correction formulas employed in SR. In this way, wehoped to define a rate-independent AF -specific formula that could be utilizednot only to judge AAD risk in AF, but also to approximate AAD risk in SR.

Table 1 : List of Abbreviations


Population and data collection

Telemetry data was obtained from 28 randomly selectedmedical and surgical inpatients at New York-Presbyterian Hospital who had AFduring their hospitalization. Approximately 60 seconds of telemetry data wasretrieved for each patient. For patients with paroxysmal AF data collectionstarted with the last five available sinus beats. Otherwise, the start time fordata collection was random. Deidentified data, along with demographic,medication, and echocardiographic information, were provided to theinvestigators. The IRB of Columbia University approved the protocol. Becausedeidentified data was used, the requirement for informed consent was waived.

QT and RR measurements

Telemetry was recorded using a five-lead wearable unitand wireless monitoring system (PatientNet Monitoring System, GE Healthcare,Piscataway, NJ) with a sampling rate of 200Hz and a 10mm/mV gain selection.Three-lead strips (I, II, and V1) were printed at a paper speed of 25mm/sec. RRand QT intervals were manually measured with a resolution of 10ms in theclearest of the three leads available. Measurements were performed by one oftwo readers (AS or JG). The RR interval was defined as the time elapsed betweenthe initial deflections of adjacent QRS complexes. The QT interval was definedas the time elapsed from the initial inscription of the QRS to the point wherethe T-wave of the same beat intersected the isoelectric segment. In the casethat the T-wave did not return to baseline before the onset of the followingP-QRS in SR or QRS in AF, the QT interval was taken to be the onset of the QRSto the extrapolated point at which the T wave would have intersected theisoelectric point had the following P-QRS or QRS not occurred (17). VPCs during AF were excluded, as were the 4subsequent RR/QT pairs.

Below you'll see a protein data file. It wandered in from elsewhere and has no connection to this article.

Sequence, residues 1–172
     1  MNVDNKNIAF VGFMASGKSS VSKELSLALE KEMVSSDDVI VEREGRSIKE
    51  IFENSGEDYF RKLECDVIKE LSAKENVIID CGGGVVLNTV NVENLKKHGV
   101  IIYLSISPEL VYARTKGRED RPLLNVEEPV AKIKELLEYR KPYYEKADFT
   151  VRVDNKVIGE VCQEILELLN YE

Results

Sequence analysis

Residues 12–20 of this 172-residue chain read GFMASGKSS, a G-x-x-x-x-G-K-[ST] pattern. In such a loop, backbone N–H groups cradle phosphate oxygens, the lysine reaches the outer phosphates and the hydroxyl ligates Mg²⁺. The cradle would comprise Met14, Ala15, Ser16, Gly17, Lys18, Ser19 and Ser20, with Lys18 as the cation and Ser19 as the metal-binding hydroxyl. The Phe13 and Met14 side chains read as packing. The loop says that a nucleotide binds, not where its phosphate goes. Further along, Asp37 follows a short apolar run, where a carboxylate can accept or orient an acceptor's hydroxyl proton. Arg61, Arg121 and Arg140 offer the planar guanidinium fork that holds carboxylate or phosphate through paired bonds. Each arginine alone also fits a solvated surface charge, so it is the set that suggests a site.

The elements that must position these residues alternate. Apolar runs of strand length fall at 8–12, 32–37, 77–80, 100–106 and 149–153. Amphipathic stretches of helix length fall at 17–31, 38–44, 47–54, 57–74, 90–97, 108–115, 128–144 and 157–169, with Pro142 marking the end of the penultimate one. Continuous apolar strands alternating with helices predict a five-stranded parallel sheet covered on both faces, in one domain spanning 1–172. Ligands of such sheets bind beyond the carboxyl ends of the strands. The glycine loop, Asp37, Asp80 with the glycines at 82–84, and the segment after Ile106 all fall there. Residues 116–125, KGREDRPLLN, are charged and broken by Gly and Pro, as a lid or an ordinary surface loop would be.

QTx and RRmod calculations,and analysis of ΔQTx /ΔRRmod in AF

For each beat in AF, RRmod was calculatedas RRmod = (5*RR1 + 2*RR2 + RR3 + RR4 + RR5)/10) (7).In order to account for QT lag, the original formulas for QTLC andQTc were modified from the original by substituting the term “RR”for RRmod as follows; QTc=QT/(RRmod)1/2 (9), QTLC=(1- RRmod)*0.154+QT(13). Since the value for ΔQT/ΔRRmod inAF has been reported as 0.126 (8), QTAFwas calculated as QTAF= (1-RRmod)*0.126 + QT. In order to allow forcomparisons between patients, QTx data from each patient (where QTx represents QTc, QTAF, or QTLC)was normalized as deviation from that patient’s mean QTx. Normalized QTx vs. RRmod was then plotted for eachformula. ΔQTx/ΔRRmodfor each correction formula was calculated, and deviation from a slope of 0determined using linear regression. A perfect correction should be rate independent; thatis, QTx should not vary withRRmod, and ΔQT/ΔRRmod should have a slope of 0.The primary hypothesis was that QTAF would yield a rate-independentcorrection in AF, whereas QTLC and QTc corrections wouldnot. In addition to pooled data, individual data was analyzed by averagingindividual ΔQTx/ΔRRmodslopes and comparing the means. Each correction formula’s performance at extreme RRmodvalues was examined by dividing RRmod into quartiles. Deviation fromthe mean QTxin the first andfourth quartile of RRmod was calculated for each patient. The datafrom corresponding quartiles were then pooled and compared to an idealdeviation of 0.


QT corrections in Sinus Rhythm and comparison toatrial fibrillation

Since the equation describing the relationship betweenQT and RRmod in AF has a nearly equal slope but a lower y-interceptthan that in SR (8), our secondary hypothesis wasthat optimally corrected QT values in AF would be lower than optimallycorrected values in SR, while comparisons made between AF and SR using a lessideal formula would fail to show a difference. We used QTAF as anexample of an optimal correction in AF, QTLC as an optimalcorrection in SR, and QTc as a less ideal correction.


For subjects with paroxysmal AF, QTc and QTLC valueswere calculated for each of the last five sinus beats preceding the initiationof AF using their original formulas, and the minimum QTc and QTLC from eachpatient was recorded (QTc(min) and QTLC(min)). Only AF initiations that did notinclude atrial ectopy during sinus rhythm were included for analysis. Minimumvalues were used in order to bias the results as much as possible towards thenull hypothesis.